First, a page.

The University of Wyoming, a public land-grant university, sits 350 miles south of Jackson Hole, and is home to some 200 Jewish professors and faculty members and a sizable number of Jewish students.
With the opening this past spring of Chabad of Laramie, the campus town now has a Chabad House as well, and the Cowboy State’s 1500 Jews have two Chabad centers to serve their spiritual needs.
A relatively small and isolated community, Laramie’s Jewish residents punch above their weight. They formed a lay-led congregation that would gather in homes and rented spaces to observe Shabbat and Jewish holidays.
“This is a community that needed its own Chabad representatives,” said Rabbi Zalman Mendelsohn. He and his wife, Raizy, had been making 12-hour round-trip visits from Jackson Hole, to serve the area’s Jewish population ahead of Jewish holidays and whenever they were needed. “We did this for 15 years before we felt it was really time to open Chabad in Laramie,” said Mendelsohn
The senior Chabad representative recruited Rabbi Yaakov and Malkie Raskin who visited the city several times, meeting with Jewish locals and getting to know the lay of the land. Steven Pollard, a professor of economics who moved from Long Beach to Laramie in 2018, met with the Raskins.
“The excitement I felt on Lag B’Omer last year during Rabbi and Rebbitzen Raskin’s visit to Laramie was not comparable to the joy that was realized when they told me they were to be our shluchim,” Pollard said.
The desire on the part of the people they met to have Chabad establish a center in Laramie, “really made the idea of setting roots down here quite appealing,” says Malkie. “We saw there was a real interest to have Chabad establish itself here.” They appreciated the city’s natural beauty—nestled amid towering mountains—as a setting for building a spiritually-focused Jewish community.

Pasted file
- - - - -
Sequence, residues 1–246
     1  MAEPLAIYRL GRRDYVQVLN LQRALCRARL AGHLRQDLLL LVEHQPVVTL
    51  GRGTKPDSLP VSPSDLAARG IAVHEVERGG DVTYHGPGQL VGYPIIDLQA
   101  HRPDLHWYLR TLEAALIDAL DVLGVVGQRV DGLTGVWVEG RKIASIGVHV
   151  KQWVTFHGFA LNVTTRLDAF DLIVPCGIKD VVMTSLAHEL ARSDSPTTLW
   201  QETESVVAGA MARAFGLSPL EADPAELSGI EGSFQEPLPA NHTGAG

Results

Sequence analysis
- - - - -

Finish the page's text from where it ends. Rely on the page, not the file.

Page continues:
A 70-Year Connection
The Raskins are building upon a connection between the frontier town and the Jewish pioneers of the Chabad-Lubavitch movement that spans more than seven decades. In the early 1950s, a young yeshiva student, Rabbi Binyomin Klein, from Jerusalem visited Laramie as part of the nascent Chabad Roving Rabbis initiative launched by the Rebbe. Wyoming may have felt very far indeed for that yeshiva student who went on to become one of the Lubavitcher Rebbe’s aides. But the seeds he planted there are finally sprouting.
With his wispy beard and Chasidic garb, the rabbi gets noticed in Laramie. The other day, while on a recent grocery shopping trip he heard someone call out to him. “Hi Rabbi!” two women exclaimed. Excited about meeting a member of their tribe, they quickly accepted the rabbi’s invitation to join him at Chabad for Shabbat dinner.
Raskin met another local Jew as he sought a washer and dryer on Facebook marketplace. The seller got a Shabbat invitation added to the cost of the appliances, and he offered to deliver them to the rabbi’s home for free. And when an observant Jewish trucker broke down several hours out of town, Chabad got the call.
“Living in Laramie is a unique opportunity to meet and serve Jewish people from all walks of life,” said Malkie Raskin. “We look forward to working with them to enrich Jewish life in America’s wild west.”